Re-entering and Revitalizing New York’s Economy
Jason Hargrove has hired more than 25 formerly incarcerated people to work in IHOP restaurants he oversees in New York State. Now he is on the front lines of the nation’s first governor-led campaign to persuade more employers to put people with records to work.
Launched by New York Governor Andrew M. Cuomo as a pilot in 2012 and expanded statewide in February, the Work for Success initiative has so far enlisted 1,015 businesses to hire 1,645 formerly incarcerated people. The program mixes old and new media, from billboards to YouTube, with traditional outreach through chambers of commerce to promote the business and economic benefits of hiring people returning to the community, and to address stigmas and biases head-on.
“Men and women with criminal records confront significant obstacles in connecting with the job market,” said Alphonso David, New York State deputy secretary and counsel for civil rights and the public face of Work for Success. “Connecting formerly incarcerated men and women to jobs will reduce costs for businesses and the state. We recognize that for the state’s economic strategy to be sustainable, it must be inclusive.”
In a nation where 700,000 people, disproportionately African American and Latino, are released from state prisons annually, efforts like New York State’s are critical for removing job barriers that squander human potential, hurt local economies, and hamper overall growth. Having a job significantly reduces the risk of recidivism, but as many as 75 percent of former inmates nationally are unemployed a year after their release.
With limited opportunity, more than 40 percent of people released from state prisons are re-incarcerated within three years. New York State officials say 40,000 former inmateshave been screened and trained and are ready to work.
Successful re-entry and economic recovery
Work for Success grew out of the governor’s post-recession push to get New Yorkers back to work. Officials recognized that to succeed, the effort had to be inclusive, with targeted programs to improve job prospects for groups facing the biggest employment hurdles: immigrants, people with disabilities, and at-risk youth, in addition to people returning from prison.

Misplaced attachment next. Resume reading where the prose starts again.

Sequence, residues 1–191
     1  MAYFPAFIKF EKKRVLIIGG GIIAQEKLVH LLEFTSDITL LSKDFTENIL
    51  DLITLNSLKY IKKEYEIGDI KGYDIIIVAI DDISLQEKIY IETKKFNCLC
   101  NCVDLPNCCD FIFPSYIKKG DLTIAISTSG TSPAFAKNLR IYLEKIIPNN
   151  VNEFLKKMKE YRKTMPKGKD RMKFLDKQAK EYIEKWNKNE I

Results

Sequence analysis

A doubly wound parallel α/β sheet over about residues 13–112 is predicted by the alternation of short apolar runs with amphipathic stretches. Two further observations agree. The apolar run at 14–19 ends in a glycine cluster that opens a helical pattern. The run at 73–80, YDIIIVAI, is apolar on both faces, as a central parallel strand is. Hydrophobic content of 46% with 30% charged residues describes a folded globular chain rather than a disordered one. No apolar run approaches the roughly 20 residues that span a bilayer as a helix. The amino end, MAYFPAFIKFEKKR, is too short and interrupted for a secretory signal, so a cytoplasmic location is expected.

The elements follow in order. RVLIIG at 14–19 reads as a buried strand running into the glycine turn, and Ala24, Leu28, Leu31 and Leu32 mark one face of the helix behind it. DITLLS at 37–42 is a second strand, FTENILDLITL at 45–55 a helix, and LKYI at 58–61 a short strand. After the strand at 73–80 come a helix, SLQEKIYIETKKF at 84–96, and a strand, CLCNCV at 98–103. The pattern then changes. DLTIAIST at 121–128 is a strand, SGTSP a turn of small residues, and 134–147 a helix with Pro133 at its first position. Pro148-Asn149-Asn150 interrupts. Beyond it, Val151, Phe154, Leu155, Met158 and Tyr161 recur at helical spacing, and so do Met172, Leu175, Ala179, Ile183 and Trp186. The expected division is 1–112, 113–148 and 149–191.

New York State bars employers from refusing to hire someone strictly because of a criminal conviction — they must consider whether an applicant’s record bears any direct relationship to his or her fitness for the job. But a survey of 500 hiring executives found that few knew the law, David said.
Nor were most aware of the protections and incentives available for hiring from this population. These include a federal tax credit of $2,400 per hire, six months of free bond insurance, and rigorous pre-employment counseling and training. The state partners with nine nonprofit organizations that have track records for effective job training in a wide range of industries, including food service, construction, weatherization, computer science, and hospitality. The organizations also provide skills training tailored to specific employer needs.
To some extent, Work for Success simply streamlines federal resources available to employers nationwide and amplifies work by community groups to create pathways for successful re-entry. But the governor’s imprimatur can help bring such programs to scale. “By making this a statewide priority, we hope to increase exponentially the number of people coming home from New York State prisons and moving into the workforce,” said Marta Nelson, executive director of the Center for Employment Opportunities (CEO) NYC, a Work for Success partner that has been engaged in this work for 30 years.
Work for Success has enlisted employers to appeal to their peers. In videos and interviews, they defuse fears about people with criminal records and describe them as “hidden gems” — skilled, motivated employees who can boost productivity and reduce costs associated with training, absenteeism, and turnover. Franklin Cruz, owner of DEC Green, an environmentally friendly cleaning products and systems company in the Bronx, admits to being “skeptical” when he was approached about hiring someone returning from prison. But he took a chance on one and it worked out so well he hired others.
“My new employees are loyal, devoted to the company, and have played an enormous role in our success,” he said.
Hargrove calls his formerly incarcerated employees some of the best workers he has had. “I wish I had more employees just like that.” Most Work for Success hires come in at entry level, at minimum wage, but Hargrove points to two men who began as dishwashers and worked their way up, first to line cooks and then chefs.
Although the state emphasizes the business case for making these hires, it is also lifting up the voices of formerly incarcerated people and broadcasting the message that “just because you have a past doesn’t mean you shouldn’t have a prosperous future.”
“I shouldn’t have to walk around the rest of my life with a scarlet letter,” said Donna Hylton, who now works as an administrative assistant. “I am not the sum product of my incarceration.”